10 Ways Your Cell Phone Can Make You Sick

by Kristina Brooks Editor

You get your text messages, emails, and phone calls on it, but did you know your cellphone can also help you catch the flu? Here are 10 tips to help you block unwanted cold and flu germs from your phone.

Restroom doors.

Phones carry a surprisingly high number of germs

Cell phones can carry as many germs or more than a bathroom door handle or toilet seat. Just one phone, in fact, can harbor thousands of colonies of germs and bacteria. One of the most common bacteria colonies is coliform, which indicates fecal contamination.

Woman with stomach pain.

Many germs found on phones cause infections

Germs, such as coliform, found on phones, tablets and phone cases have been linked to causing the flu, pink eye, diarrhea and acne. Try to minimize the amount of times you touch your phone or tablet, and then touch your face or eyes.

Teen using smartphone.

Transferring germs through your phone is easy

Many parents have children wash their hands before and after meals and using the bathroom. However, they'll let kids use a smart device and not think twice about disinfecting or washing hands. Children are much more vulnerable to germs, and may also spread germs picked up from school or daycare when using mobile devices.

Woman wiping cell phone screen.

We use the wrong thing to clean our phone

You'll often wipe your phone on your clothes to clean the screen, but alcohol is best for cleaning a phone and can remove up to 100 percent of germs from the surface. Although some may use a damp towel to wipe phones, a 2012 test from HML Labs in Indiana, found that water was least effective in removing germs.

Man using wipe on cell phone.

Some bacteria are resistant to low-grade cleaners

To avoid water damage, never spray your devices or use liquid while cleaning. First spray a towel with disinfectant, or use a disinfecting wipe. Specially designed screen wipes are also a safe alternative, but are not always best at removing stubborn bacteria.

Smiling bartender using his cell phone at work.

We use our phones in public places

Remember to also clean your phone and case after visiting public places, such as gyms, restaurants, bars, and offices. These places have surfaces that are touched by many people throughout the day. Although you may wash your hands, that may have been after already transferring germs to the surface of your phone.

Angry man on cell phone walking down street.

Phones are used very frequently during the day

Smartphone users can check their phones an average of 150 times during a normal day, which can leave a lot of germs behind on the screen and buttons. Some germs and bacteria can still be contagious or survive on surfaces for seconds or minutes. Others, such as enterovirus, can live up to a week if not disinfected.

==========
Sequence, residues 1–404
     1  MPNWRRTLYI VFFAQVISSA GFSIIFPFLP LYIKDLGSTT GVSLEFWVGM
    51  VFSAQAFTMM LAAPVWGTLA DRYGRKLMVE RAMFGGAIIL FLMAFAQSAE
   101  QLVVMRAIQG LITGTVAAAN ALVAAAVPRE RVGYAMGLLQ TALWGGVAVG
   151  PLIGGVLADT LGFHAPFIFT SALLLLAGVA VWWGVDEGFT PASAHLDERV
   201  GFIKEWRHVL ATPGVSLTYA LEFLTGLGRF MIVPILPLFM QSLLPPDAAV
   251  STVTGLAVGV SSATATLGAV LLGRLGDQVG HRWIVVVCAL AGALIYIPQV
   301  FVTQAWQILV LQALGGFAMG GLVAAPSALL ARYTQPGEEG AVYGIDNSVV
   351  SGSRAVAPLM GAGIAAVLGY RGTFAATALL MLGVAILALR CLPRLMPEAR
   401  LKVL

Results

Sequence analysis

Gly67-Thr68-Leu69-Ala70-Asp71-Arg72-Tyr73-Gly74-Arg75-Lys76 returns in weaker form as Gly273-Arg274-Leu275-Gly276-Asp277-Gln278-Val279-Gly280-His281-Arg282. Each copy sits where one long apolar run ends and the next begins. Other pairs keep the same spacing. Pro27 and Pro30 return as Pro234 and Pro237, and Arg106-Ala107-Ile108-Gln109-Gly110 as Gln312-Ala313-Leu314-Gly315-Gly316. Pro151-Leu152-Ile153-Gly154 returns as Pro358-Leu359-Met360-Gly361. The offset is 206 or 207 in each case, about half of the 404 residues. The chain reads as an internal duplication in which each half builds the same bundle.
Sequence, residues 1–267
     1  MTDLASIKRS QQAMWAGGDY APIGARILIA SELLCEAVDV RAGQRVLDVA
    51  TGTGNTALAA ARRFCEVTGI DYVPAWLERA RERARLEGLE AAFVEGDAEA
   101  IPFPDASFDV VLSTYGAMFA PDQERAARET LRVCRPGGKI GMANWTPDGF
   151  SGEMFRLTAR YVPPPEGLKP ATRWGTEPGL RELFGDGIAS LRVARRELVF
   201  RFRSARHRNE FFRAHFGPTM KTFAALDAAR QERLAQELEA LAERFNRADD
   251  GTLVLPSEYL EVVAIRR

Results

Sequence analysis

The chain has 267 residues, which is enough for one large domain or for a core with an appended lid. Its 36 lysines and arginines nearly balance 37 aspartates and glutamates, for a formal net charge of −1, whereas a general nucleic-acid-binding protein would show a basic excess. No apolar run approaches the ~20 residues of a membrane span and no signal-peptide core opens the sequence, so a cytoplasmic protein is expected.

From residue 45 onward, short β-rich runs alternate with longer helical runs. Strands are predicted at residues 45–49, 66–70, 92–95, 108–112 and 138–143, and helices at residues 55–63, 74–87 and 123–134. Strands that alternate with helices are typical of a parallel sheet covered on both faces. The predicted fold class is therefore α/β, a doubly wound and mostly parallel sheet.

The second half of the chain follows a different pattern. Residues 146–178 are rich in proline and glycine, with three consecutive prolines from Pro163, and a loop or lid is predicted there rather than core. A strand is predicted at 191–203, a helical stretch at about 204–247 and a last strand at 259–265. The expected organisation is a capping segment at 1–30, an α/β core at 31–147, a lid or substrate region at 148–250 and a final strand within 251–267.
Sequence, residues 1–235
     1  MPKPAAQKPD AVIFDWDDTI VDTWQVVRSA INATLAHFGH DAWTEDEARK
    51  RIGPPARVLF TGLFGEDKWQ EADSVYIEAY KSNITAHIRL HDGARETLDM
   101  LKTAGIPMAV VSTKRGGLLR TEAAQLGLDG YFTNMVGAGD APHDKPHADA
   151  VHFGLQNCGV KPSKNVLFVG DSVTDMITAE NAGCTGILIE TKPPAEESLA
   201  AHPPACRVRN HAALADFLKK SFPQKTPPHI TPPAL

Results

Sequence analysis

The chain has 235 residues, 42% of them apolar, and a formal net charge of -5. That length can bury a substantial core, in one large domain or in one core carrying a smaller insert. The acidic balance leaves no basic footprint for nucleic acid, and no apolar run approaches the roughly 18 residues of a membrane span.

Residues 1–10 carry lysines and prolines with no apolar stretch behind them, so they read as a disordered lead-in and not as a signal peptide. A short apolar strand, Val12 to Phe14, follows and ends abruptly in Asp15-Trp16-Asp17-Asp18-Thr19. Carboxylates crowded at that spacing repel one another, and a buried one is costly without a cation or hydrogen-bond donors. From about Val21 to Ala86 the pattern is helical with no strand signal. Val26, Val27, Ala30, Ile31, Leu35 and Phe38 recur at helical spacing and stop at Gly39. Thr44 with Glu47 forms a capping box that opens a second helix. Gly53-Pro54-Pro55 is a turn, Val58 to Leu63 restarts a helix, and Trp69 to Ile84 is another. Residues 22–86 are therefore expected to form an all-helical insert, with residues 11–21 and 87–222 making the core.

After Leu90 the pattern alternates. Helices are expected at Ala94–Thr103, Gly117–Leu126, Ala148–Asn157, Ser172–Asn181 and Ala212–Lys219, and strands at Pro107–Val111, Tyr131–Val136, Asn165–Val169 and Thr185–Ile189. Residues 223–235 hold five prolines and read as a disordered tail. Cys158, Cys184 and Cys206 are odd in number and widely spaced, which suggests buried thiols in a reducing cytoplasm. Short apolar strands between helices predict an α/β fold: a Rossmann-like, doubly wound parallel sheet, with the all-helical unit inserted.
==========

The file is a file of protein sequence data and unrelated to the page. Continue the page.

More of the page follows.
Changing table in public restroom.

We use our phone in the wrong places

Avoid using your phone in restrooms, especially when changing diapers. This is where fecal germs and other bacteria can most easily be transferred. Only use your phone once you’ve washed your hands and left the restroom.

Cooking with recipe on smartphone.

Food-borne bacteria can stick on the screen

Salmonella is also one of the highest-ranked bacteria found on phones, based on a report from U.S. Food Safety in 2011. If you use your phone or tablet during cooking or meal prep, be sure to disinfect it immediately to reduce lingering bacteria that could make you sick, or be transferd to other places.

Hands-free device in car.

Sometimes we just have to take the call

Go hands-free! Instead of handling your phone regularly, try using a bluetooth hands-free device, especially when you're sick. Also avoid sharing your phone with people who are sick, or disinfect the surface of your phone and case immediately after sharing.

Kristina Brooks
Meet Our Writer
Kristina Brooks

Kristina Brooks was a digital editor at HealthCentral with a background in animal biology, ecology, and health science. While studying broadcast journalism, she discovered the great need for health reporters that could translate research to the public. In her work, she hopes to use research to help consumers make smart decisions about their healthcare, and empower patients to stay confident and in charge of their chronic conditions. She helped launch HealthCentral's inaugural MythWeek.